Babita knows the moves to every Bollywood dance routine there is. Sangita is top of her class in every subject and last night learned how to play chess. Sanju is trying to learn a new English word every day. Samir is very quiet. He gets the most impatient if we are ever too hot or tired to play ball and will often sleep in the day, face to the wall. Jeet is beautiful. All hollowed out cheeks and dark, in-set eyes, he laughs more than he talks. Bimala is just about the clingiest child I have ever met. She lolls, lounges and leans, pushes, pulls and pinches. Nabina is the tiniest and most tomboy like six year old I have ever known – her legs like matchsticks under her over-sized and bottle green school skirt. She is my guilty favourite. Kamari, at thirteen, is silent and sad. She sits cross-legged on the carpet with the other children but to be a teenager in this stone room must be so, so hard. Susma is two years old and breath-takingly, lump-in-your-throat, heart-stoppingly adorable. Jaya is eighteen and learning guitar. He wants to be a tour guide, a waiter, a rickshaw driver, everything. Salina reminds me of my teenage sister back at home. She calls us ‘beautiful darlings’ and asks to borrow lipstick.
The kids of Nepal after the earthquake....still smiling
Living with this family was harder than I ever imagined. The conditions are dire and, as a result, the smells are pretty awful too. Perched right on the very edge of Chitwan National Park, Sahura village is intolerably hot. The humidity can get so bad that walking feels like wading through soup and breathing means swallowing warm, stale air. You sweat just sitting still. Rats, mice, cockroaches and ants split their time equally between the bedroom and the shared kitchen. The children all have headlice, the two boys have scabies and all of them suffer terribly from skin infections. At 7pm, when the power cuts out, the orphanage and the village around it are plunged into pitch black darkness. Usually, the water runs out simultaneously. Going to bed by candlelight, blind to any lurking rodents and reeking of not just my own, but fifteen other people’s sweat, demands a good sense of humour and a lot of perspective. As does eating the rice, after we have just fished out the resident rat from the barrel!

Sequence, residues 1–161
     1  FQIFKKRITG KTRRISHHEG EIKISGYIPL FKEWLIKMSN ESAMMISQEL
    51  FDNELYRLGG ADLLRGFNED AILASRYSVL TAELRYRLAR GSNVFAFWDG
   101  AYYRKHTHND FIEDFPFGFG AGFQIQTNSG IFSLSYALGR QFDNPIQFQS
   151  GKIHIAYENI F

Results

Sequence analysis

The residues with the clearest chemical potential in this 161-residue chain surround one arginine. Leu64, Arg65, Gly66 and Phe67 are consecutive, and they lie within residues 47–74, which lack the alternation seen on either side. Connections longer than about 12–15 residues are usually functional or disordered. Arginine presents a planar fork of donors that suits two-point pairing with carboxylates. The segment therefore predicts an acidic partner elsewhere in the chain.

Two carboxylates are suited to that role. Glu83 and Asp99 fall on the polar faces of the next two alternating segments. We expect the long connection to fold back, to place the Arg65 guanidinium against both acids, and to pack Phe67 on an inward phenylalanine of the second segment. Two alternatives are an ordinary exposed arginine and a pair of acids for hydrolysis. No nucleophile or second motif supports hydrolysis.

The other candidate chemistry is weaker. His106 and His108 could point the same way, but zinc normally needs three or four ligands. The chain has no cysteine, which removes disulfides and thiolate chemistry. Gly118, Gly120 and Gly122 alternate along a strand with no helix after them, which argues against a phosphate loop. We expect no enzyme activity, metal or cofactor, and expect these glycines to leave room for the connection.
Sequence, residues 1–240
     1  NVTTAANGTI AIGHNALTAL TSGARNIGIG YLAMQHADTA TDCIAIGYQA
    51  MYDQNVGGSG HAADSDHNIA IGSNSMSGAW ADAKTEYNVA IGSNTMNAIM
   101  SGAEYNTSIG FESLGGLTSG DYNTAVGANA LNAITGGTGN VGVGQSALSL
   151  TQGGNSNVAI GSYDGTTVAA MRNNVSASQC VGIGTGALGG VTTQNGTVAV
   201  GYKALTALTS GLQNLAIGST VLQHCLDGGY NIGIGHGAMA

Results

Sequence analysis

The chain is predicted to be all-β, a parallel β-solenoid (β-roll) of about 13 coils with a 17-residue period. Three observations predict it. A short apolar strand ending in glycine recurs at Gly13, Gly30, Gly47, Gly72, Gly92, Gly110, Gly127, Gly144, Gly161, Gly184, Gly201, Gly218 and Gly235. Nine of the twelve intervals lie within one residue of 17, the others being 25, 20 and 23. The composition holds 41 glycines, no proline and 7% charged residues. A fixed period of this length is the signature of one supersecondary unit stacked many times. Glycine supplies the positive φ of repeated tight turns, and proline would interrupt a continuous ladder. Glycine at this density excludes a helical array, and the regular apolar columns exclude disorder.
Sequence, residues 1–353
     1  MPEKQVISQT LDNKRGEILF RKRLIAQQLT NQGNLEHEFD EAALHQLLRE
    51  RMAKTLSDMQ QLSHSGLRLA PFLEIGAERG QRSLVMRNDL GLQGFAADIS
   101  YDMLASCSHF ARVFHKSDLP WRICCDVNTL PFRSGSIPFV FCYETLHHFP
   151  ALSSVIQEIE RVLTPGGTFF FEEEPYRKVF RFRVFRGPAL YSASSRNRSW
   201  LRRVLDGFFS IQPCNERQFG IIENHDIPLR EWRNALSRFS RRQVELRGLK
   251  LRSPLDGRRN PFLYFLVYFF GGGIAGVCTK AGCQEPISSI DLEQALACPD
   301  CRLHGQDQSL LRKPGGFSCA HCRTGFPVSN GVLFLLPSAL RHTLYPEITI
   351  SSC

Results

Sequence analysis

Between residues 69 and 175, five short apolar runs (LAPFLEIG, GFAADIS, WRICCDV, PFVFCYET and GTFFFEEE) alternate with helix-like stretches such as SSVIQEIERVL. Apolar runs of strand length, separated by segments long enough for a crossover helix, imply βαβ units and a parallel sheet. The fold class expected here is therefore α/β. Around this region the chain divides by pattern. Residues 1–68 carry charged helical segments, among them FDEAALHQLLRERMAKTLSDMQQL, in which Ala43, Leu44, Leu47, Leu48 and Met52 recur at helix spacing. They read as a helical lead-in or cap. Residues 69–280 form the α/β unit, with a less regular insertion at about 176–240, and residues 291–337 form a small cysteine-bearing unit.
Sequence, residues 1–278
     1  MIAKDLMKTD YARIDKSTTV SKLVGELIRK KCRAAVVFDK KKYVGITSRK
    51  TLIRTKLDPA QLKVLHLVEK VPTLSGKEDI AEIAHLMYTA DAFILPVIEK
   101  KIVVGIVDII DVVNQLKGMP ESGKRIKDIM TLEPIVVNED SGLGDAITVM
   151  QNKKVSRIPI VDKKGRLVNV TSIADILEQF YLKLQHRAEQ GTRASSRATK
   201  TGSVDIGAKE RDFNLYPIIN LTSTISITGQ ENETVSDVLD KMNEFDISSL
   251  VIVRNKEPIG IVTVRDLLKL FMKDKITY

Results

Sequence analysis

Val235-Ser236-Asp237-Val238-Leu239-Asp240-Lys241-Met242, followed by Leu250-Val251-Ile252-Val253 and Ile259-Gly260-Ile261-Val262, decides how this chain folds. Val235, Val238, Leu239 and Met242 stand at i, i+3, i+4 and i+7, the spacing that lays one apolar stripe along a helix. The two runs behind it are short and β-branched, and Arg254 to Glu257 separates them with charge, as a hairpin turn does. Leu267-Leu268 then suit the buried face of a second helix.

Backpacking anywhere, and particularly around Asia, does of course give you a pretty thick skin. Cockroach hunting and knee-sweats are all part of the fun and waking up to views of the Himalaya certainly make it more than worth it in Nepal. What we were not prepared for was having all of our stereotypes about orphans confirmed on day one. The children really do have nothing but the clothes they stand up in. Those clothes really are patched together with bits of other material. They really do sleep on soiled, filthy bed sheets and there really isn’t any running water or electricity for most of the day. Coming face to face with that situation is something I will never forget. Getting to know each wonderful, ball-of-energy, giggling child was equally unforgettable. Putting them onto the school bus and being there when they got home, asking about their day and playing with them until dark filled me with a sense of something I’d never felt before. As clichéd as it sounds, volunteering really did teach me more than I could ever teach them. For, no matter how dirty her uniform is, Jyomi gets up and goes to school. No matter how long it has been since baby Susma was even acknowledged, she greets everyone with a smile. However hormonal Jyoti is feeling, she still gets up at 5.30am and makes thirteen people breakfast in a dark kitchen. Being a part of their life, if only for a short while, was truly humbling.